Oh, and diet soda is not a healthy alternative to anything. Yes, the calories are less, but you’re still filling your body with something that provides zero nutritional value, and contains quite a bit of the same ingredients that scientists are debating over right now. If you must drink a soda, seek out an organic or natural soda alternative with minimal ingredients and a better reputation. Real sugar, though still very caloric, is a small step in the right direction. Hansen’s Soda, for example, is brewed with natural, organic ingredients that taste just as good, if not better.
Cheesy and delicious, these little orange bits are among the tastiest and most beloved additions to the geek diet. Who doesn’t love Cheetos, I mean, really?
So, here’s the deal with them. Containing no less than four food dyes, Cheetos is far from a naturally occurring edible. In fact, it’s another science experiment food cooked up by a processing plant from refined ingredients that don’t really have any actual nutritional value beyond perhaps a bit of protein and potassium.
One serving of Cheetos gives you 150 calories, 80 of which come directly from 9 grams of fat. The production process consists of taking cornmeal (there’s corn again) and heats it up by way of friction until it expands into the puffy shapes you see in the bag. From that point, they’re fried, dried, sprayed, and packed into bags you buy in the grocery store.
Healthy is relative in this case, but there are some alternatives to the big-name processed food that include natural ingredients and actual vitamin content. Michael Season’s has a variety of different Cheeto alternatives that are wheat and gluten-free with 65% less fat than Cheetos.
Everybody loves pizza, but this often grease and fat-dripping snack can do a number on your waistline, and your heart. Greasy pepperoni and cheap cheeses are all over the major pizza chains as they cut costs and attempt to keep up with price demands of consumers. Small pizzerias have to compete too, and often need to cut corners to keep costs down.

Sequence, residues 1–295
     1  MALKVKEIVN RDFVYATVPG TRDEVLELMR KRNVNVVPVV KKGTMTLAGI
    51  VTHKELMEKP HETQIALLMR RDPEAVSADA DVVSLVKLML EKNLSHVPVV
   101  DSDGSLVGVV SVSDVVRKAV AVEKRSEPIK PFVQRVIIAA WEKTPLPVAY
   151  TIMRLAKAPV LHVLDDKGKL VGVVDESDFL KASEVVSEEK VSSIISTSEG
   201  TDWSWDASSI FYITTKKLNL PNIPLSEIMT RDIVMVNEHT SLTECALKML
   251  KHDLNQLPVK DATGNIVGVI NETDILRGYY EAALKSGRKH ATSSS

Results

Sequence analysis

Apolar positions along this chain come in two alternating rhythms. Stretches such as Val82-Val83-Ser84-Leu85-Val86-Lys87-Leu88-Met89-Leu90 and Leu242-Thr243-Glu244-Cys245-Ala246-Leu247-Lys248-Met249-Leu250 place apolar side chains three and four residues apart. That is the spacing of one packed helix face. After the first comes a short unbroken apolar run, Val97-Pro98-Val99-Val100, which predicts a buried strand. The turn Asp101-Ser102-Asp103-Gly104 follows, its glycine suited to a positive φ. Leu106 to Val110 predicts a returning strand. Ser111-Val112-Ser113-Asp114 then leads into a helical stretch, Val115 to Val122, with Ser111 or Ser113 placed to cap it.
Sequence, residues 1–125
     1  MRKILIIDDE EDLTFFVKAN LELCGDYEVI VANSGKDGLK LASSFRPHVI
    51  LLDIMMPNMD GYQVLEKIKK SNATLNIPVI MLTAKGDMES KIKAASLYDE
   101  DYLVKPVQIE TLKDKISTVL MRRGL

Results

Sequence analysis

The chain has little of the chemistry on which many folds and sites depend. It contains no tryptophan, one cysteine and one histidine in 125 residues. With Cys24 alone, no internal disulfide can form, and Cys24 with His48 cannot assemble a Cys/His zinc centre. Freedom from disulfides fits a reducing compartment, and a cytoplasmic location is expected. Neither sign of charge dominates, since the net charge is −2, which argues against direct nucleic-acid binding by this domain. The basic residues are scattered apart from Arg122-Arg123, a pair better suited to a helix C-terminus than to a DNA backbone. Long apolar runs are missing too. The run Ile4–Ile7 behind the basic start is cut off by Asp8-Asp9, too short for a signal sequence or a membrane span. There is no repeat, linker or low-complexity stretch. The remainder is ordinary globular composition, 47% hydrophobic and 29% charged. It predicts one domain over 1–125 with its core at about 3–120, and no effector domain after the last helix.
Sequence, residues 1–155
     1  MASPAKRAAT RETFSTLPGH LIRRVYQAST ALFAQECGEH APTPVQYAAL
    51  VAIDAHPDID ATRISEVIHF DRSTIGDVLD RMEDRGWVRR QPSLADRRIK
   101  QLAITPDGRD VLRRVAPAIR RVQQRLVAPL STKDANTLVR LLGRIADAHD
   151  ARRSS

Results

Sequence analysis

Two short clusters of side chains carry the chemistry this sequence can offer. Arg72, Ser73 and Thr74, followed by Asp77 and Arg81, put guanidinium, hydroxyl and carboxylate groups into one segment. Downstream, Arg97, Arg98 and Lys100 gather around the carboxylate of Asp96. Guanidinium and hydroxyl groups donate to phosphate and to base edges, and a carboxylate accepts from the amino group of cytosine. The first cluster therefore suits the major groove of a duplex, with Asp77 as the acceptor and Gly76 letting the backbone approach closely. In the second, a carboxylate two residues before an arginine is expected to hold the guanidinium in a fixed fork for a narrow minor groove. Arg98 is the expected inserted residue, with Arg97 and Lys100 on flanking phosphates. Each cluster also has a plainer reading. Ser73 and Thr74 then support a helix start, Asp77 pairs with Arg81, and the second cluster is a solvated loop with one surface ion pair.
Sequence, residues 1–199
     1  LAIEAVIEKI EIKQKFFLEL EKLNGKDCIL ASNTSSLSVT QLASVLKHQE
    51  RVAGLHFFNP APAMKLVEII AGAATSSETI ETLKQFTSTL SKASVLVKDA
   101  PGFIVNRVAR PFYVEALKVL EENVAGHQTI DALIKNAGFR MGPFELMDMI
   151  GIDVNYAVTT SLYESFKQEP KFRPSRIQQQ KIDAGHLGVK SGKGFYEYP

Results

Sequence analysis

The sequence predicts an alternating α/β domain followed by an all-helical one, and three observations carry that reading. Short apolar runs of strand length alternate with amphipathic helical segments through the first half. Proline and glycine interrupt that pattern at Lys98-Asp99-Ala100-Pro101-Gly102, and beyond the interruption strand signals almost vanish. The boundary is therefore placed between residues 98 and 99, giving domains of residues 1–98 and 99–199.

Not all pizza is bad for you. In fact, there are some very healthy pizza selections out there (even at the chains) that can offer terrific flavor without a lot of the fat and calories.
Try pizza with a thin crush rather than hand tossed or deep dish options. Thin crusts can cut down your carbohydrate calories considerably, and leave room for some of the more flavorful ingredients. Avoid pizza chains that rub everything in butter and sprinkle gritty cheese all over every inch of the pie. Yes, that may taste good, but you can also feel your heart clogging with every bite.
Consider trying a healthier blend of ingredients, and making your own pie at home. Organics are great because they get you away from harmful chemicals and pesticides. Substituting regular pepperoni for a low-fat variety can help.
Consider ordering a margherita, turkey, grilled chicken, or vegetarian pizza instead of one packed with fatty meats.
Oh man, I love bacon. Bacon is really, really delicious and everything is better with a little bacon on it. Geek-inspired bacon products abound, including bacon flavored popcorn and bacon salt. Yes, the flavor is fantastic, though the health concerns associated with eating what amounts to a fried fatty meat product can do little to improve your figure or life span.
Bacon contains a lot of sodium, nitrates, and fat. These are three things that may be fine in moderation, but could cause problems down the road with regular intake. Sodium nitrate has been linked to several types of cancer, making it a less appetizing part of a regular diet.
Consider trying turkey or vegetarian bacon instead of traditional pork. Turkey bacon can provide a lot of the same flavor with much less greasy and fat. Some brands of turkey bacon actually cut the fat and caloric values down by as much as 65% or more. This is pretty impressive. Wouldn’t you want to eat 65% more bacon?
Red Vines may or may not be the preferred treat over Twizzlers, but it’s certainly one of my favorite. Red Vines contain a fructose-rich corn syrup as a primary ingredient. While they are fat-free, they still contain some of the ingredients that concern health nuts.
There is some good news here. Sugar free Red Vines don’t actually contain aspartame or sucralose, but maltitol. Maltitol is a sugar substitute derived from alcohol. While it isn’t free of calories, it does have reduced caloric properties without promoting tooth decay or a dramatic impact on your blood sugar levels.
The downside: maltitol is a known laxative when consumed in large quantities. If you put an entire bag of sugar-free Red Vines down range, you might want to make sure there’s a restroom handy.
What about you? What are your favorite geek snack? Is it healthy?